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Once a movie is complete and enters the post production phase, the director is usually exhausted and may be disappointed with the results of the footage. It’s rare in the independent world for a director to have achieved her exact vision due to time and budget restrictions. By this point in the process, it is best for the director to find a fresh editor who isn’t familiar with the movie to bring an objective eye to the project. The director should sit down with the editor and talk about her vision and the tone, style, and pacing of the movie and then leave the editor to assemble a cut of the movie on his own.

Many directors are afraid of losing control of the film by turning it over to an editor. Holding the reins too tightly is a mistake because the director is carrying a lot of baggage; she knows what scenes she likes, what scenes didn’t turn out; she knows what performances were difficult to get, what shots were time consuming to shoot; each shot is full of emotion, blood, sweat, and tears. This emotional attachment makes it difficult for the director to separate herself from the footage to assemble the shots objectively into a cohesive, well-paced story. The editor doesn’t have this emotional connection to the material and is confronted with the task of looking at the available footage and assembling it in a way that best serves the story. The director should allow him the time to do this while he relaxes and clears his mind so when an assembly cut is ready, the director can view it with fresh eyes.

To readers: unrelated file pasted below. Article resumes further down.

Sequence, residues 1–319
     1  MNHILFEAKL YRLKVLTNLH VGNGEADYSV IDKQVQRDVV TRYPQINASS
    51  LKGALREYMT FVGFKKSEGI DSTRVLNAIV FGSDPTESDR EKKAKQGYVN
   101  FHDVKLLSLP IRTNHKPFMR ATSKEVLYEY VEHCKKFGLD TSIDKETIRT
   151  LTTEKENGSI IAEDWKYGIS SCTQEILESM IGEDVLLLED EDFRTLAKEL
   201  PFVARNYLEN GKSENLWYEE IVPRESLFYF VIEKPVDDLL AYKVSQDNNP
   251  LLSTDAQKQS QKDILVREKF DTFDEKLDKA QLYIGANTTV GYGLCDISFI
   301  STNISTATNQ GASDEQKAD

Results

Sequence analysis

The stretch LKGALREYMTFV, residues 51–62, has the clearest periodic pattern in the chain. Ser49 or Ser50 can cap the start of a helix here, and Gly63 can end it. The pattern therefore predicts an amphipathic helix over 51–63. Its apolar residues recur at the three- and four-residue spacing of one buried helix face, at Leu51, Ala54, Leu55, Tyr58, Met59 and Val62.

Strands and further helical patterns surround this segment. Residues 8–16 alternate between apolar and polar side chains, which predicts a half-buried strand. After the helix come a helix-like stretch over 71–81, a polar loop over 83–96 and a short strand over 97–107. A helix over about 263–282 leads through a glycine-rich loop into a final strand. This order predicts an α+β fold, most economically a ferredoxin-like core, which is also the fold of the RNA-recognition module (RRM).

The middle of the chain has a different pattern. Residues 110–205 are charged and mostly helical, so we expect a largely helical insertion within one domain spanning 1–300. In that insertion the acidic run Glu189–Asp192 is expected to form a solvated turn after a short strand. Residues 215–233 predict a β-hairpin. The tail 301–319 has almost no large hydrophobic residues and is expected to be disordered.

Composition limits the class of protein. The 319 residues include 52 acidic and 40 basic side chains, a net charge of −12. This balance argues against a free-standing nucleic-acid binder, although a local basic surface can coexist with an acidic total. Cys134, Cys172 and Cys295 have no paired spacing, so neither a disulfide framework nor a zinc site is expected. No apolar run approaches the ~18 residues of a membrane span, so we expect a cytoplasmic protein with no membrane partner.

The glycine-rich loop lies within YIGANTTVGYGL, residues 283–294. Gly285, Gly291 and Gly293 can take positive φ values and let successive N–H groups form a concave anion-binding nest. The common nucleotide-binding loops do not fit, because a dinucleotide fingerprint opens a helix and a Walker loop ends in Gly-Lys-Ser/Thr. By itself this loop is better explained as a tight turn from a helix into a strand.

• Communicate your vision to the editor in the same manner as you would with an actor. Discuss each scene, what you want it to accomplish, how you envision the tone, style, and pacing.
  • Be open to ideas and suggestions from the editor. He is seeing the footage with fresh eyes and may have a perspective you haven’t considered yet.
  • Relax and let the editor do his job. You’re probably tired and emotionally charged from the shoot itself, so take the time to get away from the project and clear your mind while the editor builds the first assembly cut.
  • After the cut is finished, work with the editor to refine and tweak the edit until you are happy with the pacing and flow of the story.
  • Confer with others to get objective opinions throughout the editing process, but be careful which advice you listen to. Everyone will have an opinion, but not everyone will be right.

Refer to the postproduction chapters for more information on the editing process, working with composers, adding digital effects, and the audio postproduction process.

 

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